According to Blawgletter one of those big deals that makes a whole bunch of rich people a whole lot more money just fell apart. Barry wonders if the buyers can pull out or not under the agreement upon a misrepresentation or breach of warranty resulting in a "Company Material Adverse Effect:"

Ready to put it all together?  Okay.  Here we go.

   1.      KKR and Goldman have the right to terminate the APM (upon payment of $225 million) if Harman misrepresented something or breached a warranty in the APM unless the misrepresentation or warranty breach would not have a CMAE.

   2.      A false rep or warranty doesn’t have a CMAE if it results (a) from a general industry downturn or problems in the credit or securities markets or (b) from a reaction to Harman’s failure to meet projections, except that the "underlying" reasons for the disappointing results may otherwise reflect a CMAE.

Who has to prove a CMAE?  We would imagine the burden rests on KKR and Goldman.  But can they simply point to a misrepresentation or breach of warranty and require Harman to show that it "would not . . . have a Company Material Adverse Effect"?  We don’t know offhand, but we do expect a fight over that very issue.

As a practical matter, KKR and Goldman probably should have the initial burden, since they’re the ones trying to exercise an escape clause to excuse continued performance.

But I’m not convinced! Though KKR and Goldman have the initial burden of proving the occurrence of a condition excusing performance (#1 of Randy’s list), the definition saying what isn’t a CMAE (#2) begins "provided, however," making it an exception to the definition of CMAE that precedes it.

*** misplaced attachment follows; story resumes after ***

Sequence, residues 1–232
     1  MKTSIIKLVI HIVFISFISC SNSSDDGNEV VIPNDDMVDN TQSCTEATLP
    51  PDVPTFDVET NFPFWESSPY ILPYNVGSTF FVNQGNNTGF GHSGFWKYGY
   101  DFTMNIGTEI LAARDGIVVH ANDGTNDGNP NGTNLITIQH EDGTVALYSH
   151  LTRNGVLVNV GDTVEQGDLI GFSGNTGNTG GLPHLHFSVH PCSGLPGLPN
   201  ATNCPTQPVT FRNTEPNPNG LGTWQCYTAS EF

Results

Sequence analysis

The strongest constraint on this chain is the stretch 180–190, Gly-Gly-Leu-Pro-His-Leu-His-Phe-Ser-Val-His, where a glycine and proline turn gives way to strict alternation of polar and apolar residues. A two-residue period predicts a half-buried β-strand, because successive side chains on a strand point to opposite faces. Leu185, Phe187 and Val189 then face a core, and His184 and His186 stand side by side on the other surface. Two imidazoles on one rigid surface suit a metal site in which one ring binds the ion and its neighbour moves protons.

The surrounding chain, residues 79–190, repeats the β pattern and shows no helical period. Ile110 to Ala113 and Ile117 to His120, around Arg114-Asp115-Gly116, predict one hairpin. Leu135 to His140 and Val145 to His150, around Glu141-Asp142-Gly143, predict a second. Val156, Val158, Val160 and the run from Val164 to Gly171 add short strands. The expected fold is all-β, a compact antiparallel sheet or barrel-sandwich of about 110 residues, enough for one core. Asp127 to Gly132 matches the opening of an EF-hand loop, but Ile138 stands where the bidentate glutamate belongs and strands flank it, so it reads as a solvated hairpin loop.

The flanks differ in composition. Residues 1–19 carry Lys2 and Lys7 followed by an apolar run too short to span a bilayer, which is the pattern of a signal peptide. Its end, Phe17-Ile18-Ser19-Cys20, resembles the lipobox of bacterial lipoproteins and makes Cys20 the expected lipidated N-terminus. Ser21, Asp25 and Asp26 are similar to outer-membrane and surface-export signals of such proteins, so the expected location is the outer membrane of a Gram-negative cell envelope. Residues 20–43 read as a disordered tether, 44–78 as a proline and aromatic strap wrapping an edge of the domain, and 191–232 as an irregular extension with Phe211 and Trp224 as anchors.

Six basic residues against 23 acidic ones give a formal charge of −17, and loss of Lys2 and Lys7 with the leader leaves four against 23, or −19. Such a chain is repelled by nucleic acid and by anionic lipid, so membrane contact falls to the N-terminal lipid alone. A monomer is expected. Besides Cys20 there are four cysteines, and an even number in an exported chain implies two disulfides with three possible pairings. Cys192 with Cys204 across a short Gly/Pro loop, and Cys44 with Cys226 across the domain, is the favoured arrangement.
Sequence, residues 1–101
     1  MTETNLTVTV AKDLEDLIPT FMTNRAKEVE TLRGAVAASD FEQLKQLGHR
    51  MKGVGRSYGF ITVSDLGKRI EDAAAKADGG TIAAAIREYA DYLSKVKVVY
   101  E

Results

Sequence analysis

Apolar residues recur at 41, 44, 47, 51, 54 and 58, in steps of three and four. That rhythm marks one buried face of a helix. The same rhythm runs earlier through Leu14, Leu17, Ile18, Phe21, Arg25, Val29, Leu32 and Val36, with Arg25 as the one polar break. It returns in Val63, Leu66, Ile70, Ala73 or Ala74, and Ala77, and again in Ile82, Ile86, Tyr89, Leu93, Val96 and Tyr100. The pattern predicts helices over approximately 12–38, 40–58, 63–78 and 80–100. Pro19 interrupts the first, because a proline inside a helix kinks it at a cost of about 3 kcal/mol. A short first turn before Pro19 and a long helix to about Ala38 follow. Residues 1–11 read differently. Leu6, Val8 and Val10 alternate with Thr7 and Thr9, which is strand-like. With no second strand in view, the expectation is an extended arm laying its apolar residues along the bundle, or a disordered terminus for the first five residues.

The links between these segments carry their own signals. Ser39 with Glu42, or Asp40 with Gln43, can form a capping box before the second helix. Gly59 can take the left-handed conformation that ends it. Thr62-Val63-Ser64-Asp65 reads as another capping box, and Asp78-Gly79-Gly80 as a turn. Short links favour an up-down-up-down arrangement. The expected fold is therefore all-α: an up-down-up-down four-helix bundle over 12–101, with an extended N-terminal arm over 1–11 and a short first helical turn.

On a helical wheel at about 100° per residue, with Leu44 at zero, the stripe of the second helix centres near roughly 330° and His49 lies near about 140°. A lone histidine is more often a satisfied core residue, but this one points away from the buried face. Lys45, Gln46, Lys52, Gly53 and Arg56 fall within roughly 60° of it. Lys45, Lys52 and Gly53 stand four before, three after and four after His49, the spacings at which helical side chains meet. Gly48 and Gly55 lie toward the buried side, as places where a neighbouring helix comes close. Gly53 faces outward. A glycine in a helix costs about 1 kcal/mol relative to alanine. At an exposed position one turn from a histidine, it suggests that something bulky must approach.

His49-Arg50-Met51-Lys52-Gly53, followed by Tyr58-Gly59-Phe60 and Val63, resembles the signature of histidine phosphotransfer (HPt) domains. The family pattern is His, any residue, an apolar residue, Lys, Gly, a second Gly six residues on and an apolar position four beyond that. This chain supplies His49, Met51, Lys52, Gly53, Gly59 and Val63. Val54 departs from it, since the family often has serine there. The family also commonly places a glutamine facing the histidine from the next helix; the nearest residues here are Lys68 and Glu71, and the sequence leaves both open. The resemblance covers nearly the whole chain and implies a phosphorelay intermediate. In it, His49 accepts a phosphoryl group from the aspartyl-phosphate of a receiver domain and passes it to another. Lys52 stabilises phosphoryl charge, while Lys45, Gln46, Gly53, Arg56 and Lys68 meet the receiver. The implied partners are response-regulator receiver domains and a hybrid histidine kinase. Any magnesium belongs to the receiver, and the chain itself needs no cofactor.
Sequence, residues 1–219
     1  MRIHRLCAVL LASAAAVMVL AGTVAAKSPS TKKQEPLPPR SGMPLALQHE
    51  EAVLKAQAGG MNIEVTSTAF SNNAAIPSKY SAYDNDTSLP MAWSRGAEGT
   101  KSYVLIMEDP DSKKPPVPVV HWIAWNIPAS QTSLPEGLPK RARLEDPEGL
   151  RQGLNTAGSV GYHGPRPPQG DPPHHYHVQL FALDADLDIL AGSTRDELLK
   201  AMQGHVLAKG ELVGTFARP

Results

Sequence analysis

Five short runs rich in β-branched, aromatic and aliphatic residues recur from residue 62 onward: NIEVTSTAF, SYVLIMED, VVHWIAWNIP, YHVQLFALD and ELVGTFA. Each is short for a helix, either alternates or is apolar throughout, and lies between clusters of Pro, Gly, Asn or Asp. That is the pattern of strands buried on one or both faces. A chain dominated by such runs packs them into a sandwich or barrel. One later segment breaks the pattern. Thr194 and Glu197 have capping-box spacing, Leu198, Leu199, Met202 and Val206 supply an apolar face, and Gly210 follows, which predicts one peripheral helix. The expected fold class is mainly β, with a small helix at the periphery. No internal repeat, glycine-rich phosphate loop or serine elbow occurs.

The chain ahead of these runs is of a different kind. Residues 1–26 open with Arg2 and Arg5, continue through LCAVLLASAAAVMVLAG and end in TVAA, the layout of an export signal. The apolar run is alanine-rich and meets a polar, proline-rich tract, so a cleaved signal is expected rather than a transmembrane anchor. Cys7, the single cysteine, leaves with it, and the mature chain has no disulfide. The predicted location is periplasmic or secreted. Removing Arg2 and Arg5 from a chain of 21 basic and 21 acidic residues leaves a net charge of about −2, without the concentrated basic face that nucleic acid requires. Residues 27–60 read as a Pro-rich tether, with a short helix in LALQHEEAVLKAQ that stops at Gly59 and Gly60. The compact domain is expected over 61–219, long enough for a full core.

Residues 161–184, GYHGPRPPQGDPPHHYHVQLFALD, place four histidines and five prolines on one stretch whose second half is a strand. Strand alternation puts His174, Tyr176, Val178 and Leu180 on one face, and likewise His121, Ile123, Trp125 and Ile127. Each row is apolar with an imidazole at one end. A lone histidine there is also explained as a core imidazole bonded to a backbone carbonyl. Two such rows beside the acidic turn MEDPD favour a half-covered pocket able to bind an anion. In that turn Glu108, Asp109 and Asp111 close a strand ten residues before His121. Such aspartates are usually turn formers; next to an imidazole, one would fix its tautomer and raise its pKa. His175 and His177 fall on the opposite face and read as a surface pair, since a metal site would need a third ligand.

The case also looks like a classic non-jury trial or litigation-as-prolonged-negotiation. A judge gets tremendous discretion in a non-jury trial to ask questions, ask for findings of fact afterwards, et cetera, which allows the judge to figure out what really happened and issue an opinion that goes into detail about the facts and the law, separating the two, streamlining appeal and reducing the odds of remand or reversal.

A jury gets a single blast of information where they can’t ask questions, after which they are locked in a room to decipher vague "instructions" before issuing an entirely opaque opinion that will inevitably result in some modification post-trial or remand on appeal.

The lawyers should consider all of the above before filing suit. Love lies bleeding in my hand…

UPDATE: Looks like Sallie Mae and J.C. Flowers are litigating the very issue.